Divestitures made during a previous healthcare insurance merger did little to maintain competition among Medicare Advantage plans, reaffirming concerns that the Aetna-Humana merger will increase premiums for seniors and lead to higher costs within the Medicare program, according to a new report from the Centers for American Progress.
As regulators continue to review the Aetna-Humana and Anthem-Cigna mergers, two new blog posts from Health Affairs call into question the companies' justification for the mega-deals.
Two major insurance mergers are gradually gaining approval from state regulators, though the final approval of the mergers still depends on what could be a more demanding federal review.
Both Aetna and Humana shareholders "overwhelmingly" approved the two insurance giants' proposed merger in separate meetings Monday--but the deal still faces hurdles in the regulatory review process.
The health insurance industry may have reached a tipping point that goes much deeper than the proposed mergers between four large insurers, Paul Keckley, managing director for the Navigant Center for Healthcare Research and Policy Analysis, writes in a recent blog post.
Though divestitures are common in large-scale acquisitions, Anthem does not expect to have to make any as it closes its merger with Cigna, according to a newly released piece from Policy and Regulatory Report.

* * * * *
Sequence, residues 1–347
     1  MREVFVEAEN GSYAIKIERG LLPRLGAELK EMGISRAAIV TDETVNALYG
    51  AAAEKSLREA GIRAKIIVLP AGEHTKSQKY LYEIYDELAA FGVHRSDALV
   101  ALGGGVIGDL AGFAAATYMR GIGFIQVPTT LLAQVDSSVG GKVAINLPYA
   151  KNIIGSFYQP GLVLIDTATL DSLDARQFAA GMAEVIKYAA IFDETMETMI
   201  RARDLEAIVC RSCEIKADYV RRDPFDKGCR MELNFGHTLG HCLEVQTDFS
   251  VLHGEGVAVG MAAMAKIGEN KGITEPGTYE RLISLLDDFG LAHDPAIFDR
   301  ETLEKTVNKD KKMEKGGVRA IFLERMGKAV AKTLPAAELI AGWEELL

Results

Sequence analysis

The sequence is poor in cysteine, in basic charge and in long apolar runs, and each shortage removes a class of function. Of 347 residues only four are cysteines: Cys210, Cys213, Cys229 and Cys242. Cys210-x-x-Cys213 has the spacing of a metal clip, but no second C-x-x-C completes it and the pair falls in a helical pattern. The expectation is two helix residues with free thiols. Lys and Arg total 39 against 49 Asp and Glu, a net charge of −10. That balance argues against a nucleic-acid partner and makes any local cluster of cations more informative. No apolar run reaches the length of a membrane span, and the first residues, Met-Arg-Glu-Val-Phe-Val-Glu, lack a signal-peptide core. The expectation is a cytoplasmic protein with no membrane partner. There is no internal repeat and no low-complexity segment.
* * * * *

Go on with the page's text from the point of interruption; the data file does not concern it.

During the third of three recent hearings on consolidation in the healthcare industry, representatives from the provider community made it clear that they are not going to let the pending health insurer mergers go down without a fight.
When it comes to the rigorous review process that major industry mergers must face, how soon is too soon to declare victory? Personally, I would argue that any time before the Department of Justice...
During Tuesday's Senate committee hearing on the two pending health insurer mergers, the CEOs of Aetna and Anthem, as expected, explained why they thought the deals' benefits outweigh any anticompetitive concerns. But as Sen. Richard Blumenthal (D-Conn.), noted, the two-plus hour hearing only scratched the surface of some of the complex issues associated with the proposed deals, which would pare down the country's largest health insurers from five to three.
Senators and expert witnesses alike expressed skepticism about the proposed merger deals between four of the country's largest health insurers during a hearing Tuesday on Capitol Hill.